Ramona Falls is Brent Knopf's first solo venture, but he has an extensive musical resume as part of trio Menomena. His debut release, Intuit, was written and performed by Brent, with guest appearances by 35 friends (including members of The Helio Sequence, Mirah, Loch Lomond, 31 Knots, Talkdemonic, Nice Nice, Tracker, Dat'r, Dear Reader, 3 Leg Torso, and Matt Sheehy).
Ramona Falls is beautiful. Seriously, check it out on Google Earth some time. A multi-tiered waterfall in a dark glen on the slopes of Mount Hood in Oregon, it's one of those endlessly photographable landforms that makes you want to be there any time you see a shot of it. As a sort of shorthand for the natural majesty of the Pacific Northwest, the name works well for Portland's Ramona Falls, aka Brent Knopf of Menomena and a huge cast of his friends. In fact, of the various Menomena side projects, this is the one that most matches that band in terms of both sound and quality, paying meticulous attention to sonic and compositional details to emerge with a record full of memorable surprises.
Sometimes it's just an unexpected element that mails a song all the way home, like the impromptu choir that suddenly emerges from the acoustic guitar and spaciously recorded drums of "Bellyfulla" or the unbelievably gorgeous violin part that shines like a vibrant light from the center of "Russia". The violin melody interacts with the chord sequence to grow more aching by the second and turns a decent song into one you can't forget. Knopf is piano player and programmer for Menomena, and he comes up with some wild stuff here, especially on "Always Right", where he sticks you with these bizarre, stuttering phrases for the odd-metered verses. It's offset by big choruses and a strange Eastern European-ish bridge with a carnivalesque atmosphere. More simple is "Boy Ant", a short piano instrumental with a sense of melody derived more from traditional European songs like "Edelweiss" than anything in contemporary pop sphere.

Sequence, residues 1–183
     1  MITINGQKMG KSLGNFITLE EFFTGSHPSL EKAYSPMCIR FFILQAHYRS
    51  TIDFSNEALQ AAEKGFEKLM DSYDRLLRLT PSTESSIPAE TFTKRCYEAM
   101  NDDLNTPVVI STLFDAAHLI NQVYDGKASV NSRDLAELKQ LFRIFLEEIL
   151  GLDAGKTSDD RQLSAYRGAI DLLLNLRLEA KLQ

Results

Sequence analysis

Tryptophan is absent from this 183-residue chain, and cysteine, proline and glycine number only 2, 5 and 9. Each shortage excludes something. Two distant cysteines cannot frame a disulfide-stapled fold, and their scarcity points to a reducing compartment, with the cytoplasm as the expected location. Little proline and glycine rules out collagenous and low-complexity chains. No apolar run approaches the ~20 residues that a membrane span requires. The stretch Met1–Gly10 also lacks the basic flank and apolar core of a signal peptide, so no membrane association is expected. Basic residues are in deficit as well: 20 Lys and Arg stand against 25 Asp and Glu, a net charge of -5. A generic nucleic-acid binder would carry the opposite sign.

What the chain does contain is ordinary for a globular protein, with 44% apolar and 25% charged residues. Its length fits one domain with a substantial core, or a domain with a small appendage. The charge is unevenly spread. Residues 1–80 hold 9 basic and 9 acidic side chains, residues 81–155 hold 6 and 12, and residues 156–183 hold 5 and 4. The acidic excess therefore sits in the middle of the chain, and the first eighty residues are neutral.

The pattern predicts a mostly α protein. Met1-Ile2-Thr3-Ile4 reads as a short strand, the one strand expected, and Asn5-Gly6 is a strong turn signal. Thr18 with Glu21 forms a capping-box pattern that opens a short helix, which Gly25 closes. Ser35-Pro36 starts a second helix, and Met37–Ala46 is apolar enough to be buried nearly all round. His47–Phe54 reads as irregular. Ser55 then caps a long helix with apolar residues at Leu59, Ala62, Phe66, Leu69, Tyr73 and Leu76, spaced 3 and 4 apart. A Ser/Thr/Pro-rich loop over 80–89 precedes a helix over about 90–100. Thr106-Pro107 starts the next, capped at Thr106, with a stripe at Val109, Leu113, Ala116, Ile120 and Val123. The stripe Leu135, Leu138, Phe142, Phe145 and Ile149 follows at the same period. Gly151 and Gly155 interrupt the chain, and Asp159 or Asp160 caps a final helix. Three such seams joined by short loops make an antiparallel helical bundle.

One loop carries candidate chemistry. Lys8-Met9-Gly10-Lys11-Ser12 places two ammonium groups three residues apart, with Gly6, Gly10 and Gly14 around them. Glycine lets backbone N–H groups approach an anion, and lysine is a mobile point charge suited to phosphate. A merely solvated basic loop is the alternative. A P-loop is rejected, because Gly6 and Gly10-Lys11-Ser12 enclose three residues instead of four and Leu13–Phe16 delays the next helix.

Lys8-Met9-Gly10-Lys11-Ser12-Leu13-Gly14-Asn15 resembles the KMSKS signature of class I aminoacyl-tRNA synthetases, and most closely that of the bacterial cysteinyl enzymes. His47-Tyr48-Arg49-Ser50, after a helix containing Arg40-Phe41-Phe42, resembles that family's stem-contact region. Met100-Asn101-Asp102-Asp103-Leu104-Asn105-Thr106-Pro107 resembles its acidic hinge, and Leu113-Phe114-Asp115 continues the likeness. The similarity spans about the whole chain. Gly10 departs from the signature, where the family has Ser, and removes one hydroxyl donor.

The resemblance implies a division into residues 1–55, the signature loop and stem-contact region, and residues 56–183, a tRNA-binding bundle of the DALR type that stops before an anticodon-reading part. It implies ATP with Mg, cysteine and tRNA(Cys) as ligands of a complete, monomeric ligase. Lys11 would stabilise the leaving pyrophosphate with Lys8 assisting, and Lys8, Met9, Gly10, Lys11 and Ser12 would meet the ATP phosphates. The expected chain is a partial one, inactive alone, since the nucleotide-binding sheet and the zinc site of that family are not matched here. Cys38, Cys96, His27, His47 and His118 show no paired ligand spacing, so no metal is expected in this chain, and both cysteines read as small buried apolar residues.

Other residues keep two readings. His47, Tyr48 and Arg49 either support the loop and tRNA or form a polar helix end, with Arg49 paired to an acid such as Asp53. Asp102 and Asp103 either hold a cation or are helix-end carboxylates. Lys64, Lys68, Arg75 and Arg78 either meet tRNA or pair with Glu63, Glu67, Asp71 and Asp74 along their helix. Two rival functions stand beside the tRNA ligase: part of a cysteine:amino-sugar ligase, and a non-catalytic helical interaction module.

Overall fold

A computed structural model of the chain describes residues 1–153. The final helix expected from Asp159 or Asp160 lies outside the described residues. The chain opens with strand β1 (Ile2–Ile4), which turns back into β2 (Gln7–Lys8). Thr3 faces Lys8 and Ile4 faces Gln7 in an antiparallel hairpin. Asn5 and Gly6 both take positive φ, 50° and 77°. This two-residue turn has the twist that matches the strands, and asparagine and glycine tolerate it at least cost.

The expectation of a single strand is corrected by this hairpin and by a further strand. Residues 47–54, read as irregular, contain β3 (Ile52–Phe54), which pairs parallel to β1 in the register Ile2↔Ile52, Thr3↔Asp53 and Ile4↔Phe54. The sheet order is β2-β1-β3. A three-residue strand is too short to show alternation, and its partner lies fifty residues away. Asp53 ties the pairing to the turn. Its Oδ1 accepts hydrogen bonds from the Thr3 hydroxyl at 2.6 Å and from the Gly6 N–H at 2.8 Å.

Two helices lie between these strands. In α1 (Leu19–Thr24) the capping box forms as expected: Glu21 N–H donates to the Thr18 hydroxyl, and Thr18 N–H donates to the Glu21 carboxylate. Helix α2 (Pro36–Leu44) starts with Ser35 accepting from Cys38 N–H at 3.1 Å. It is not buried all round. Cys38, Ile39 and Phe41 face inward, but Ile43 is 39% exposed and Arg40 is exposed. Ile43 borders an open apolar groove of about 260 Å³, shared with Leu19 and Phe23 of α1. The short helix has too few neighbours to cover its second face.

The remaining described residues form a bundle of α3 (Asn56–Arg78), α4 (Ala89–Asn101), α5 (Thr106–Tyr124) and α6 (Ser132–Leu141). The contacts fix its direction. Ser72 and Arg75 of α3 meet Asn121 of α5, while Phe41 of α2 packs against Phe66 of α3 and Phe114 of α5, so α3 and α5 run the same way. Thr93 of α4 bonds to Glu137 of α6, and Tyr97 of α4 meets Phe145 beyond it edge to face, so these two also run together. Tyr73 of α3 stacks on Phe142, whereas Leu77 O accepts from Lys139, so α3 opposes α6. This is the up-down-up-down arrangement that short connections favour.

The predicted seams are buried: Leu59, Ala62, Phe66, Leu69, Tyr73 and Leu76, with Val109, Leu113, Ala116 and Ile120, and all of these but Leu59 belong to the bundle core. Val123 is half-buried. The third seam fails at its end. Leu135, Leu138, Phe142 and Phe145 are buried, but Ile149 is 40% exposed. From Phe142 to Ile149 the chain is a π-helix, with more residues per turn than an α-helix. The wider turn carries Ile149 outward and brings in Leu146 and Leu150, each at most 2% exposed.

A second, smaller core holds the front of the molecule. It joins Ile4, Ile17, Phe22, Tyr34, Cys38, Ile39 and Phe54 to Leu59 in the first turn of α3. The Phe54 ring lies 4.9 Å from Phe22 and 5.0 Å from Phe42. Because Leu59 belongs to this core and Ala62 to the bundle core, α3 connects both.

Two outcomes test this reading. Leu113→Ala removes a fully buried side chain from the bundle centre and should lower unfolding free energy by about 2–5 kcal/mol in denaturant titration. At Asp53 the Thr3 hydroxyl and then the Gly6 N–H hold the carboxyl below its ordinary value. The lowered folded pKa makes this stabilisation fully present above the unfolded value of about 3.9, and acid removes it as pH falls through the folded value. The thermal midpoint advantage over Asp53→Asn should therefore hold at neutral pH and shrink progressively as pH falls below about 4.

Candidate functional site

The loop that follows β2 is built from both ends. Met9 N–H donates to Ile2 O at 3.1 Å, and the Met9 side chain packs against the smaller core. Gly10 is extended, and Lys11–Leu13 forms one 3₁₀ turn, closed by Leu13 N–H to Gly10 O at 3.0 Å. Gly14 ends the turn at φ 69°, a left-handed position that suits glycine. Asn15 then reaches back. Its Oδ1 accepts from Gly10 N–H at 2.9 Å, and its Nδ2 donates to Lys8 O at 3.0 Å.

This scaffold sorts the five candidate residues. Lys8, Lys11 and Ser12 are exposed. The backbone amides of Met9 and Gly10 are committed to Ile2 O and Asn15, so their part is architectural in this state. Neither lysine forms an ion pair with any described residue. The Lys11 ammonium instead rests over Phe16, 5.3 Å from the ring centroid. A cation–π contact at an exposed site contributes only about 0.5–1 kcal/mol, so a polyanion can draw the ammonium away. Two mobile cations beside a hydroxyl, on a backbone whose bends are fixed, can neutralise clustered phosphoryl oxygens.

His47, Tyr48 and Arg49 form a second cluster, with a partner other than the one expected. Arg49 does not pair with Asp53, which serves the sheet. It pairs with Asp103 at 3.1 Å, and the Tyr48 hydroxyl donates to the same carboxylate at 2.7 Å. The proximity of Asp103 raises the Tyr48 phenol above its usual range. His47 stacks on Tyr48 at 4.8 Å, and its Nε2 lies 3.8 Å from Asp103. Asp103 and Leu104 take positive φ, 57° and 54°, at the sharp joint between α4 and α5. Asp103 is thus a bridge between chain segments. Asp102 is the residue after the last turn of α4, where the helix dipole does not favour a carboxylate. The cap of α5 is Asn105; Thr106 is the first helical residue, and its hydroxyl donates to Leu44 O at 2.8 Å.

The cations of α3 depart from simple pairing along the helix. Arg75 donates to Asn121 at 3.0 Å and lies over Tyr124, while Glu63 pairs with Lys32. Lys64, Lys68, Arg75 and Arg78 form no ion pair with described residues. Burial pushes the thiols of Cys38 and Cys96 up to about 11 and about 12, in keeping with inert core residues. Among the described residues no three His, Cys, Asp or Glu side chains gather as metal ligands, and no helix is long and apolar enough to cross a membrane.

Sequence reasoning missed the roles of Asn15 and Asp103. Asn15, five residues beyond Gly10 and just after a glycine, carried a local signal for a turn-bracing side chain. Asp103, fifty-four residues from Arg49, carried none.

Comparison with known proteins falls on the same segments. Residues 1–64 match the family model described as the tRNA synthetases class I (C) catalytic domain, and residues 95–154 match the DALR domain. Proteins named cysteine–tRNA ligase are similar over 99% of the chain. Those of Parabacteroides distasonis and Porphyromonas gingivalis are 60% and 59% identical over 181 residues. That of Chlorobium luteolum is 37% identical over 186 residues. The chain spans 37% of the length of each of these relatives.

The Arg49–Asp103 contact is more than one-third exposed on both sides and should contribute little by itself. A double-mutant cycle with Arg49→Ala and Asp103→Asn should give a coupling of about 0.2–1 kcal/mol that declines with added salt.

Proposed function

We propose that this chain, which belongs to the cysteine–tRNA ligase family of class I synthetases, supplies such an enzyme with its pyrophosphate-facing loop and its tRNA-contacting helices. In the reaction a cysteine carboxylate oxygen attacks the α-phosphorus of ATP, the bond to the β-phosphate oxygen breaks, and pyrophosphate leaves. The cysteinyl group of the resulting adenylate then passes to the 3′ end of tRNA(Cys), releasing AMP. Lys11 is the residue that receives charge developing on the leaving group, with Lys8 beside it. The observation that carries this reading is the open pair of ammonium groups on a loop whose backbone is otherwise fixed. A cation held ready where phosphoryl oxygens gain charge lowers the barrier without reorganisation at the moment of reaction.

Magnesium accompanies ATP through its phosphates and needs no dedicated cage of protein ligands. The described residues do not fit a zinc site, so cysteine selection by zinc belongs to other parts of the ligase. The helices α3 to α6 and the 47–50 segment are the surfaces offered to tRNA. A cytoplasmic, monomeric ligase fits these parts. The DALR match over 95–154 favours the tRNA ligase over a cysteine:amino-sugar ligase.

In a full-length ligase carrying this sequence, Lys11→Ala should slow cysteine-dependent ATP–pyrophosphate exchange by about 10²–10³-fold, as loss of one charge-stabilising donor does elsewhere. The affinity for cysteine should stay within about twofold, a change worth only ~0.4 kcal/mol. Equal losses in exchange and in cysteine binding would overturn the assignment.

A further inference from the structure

Any Menomena fan will recognize Knopf's voice, which is a delicate instrument-- it's not rangy, but he knows his capabilities and uses them. He gives himself a bit of electronic assistance on "I Say Fever", falling down a processing rabbit hole on the title refrain, which precipitates a sudden downpour of heavy guitar. Sleater-Kinney's Janet Weiss provides the song's pounding rhythmic floor, but Knopf's own piano gives it its funky stride. Knopf's solo songs share with Menomena an ear for contrast--"Going Once, Going Twice" swings between easy-flowing passages and lurching sections that build tension for the next rhythmic release.
Intuit, a word that nicely serves as a homophone for "Into It", works as a title for the album because it so neatly seems to describe the writing process-- very few of the odd shifts and unexpected turns in the songs sound contrived or forced. Down to the cover art, it feels like a strong echo of everything great about Knopf's primary band. There are no cut-outs or flipbooks, but Theo Ellsworth's elaborate, grotesque illustrations are worth taking in-- they're like a combination of Where the Wild Things Are, a fever dream, a pagan woodland ceremony, and a notebook doodle. The music is worth taking in, too, over and over again.
— Joe Tangari, September 3, 2009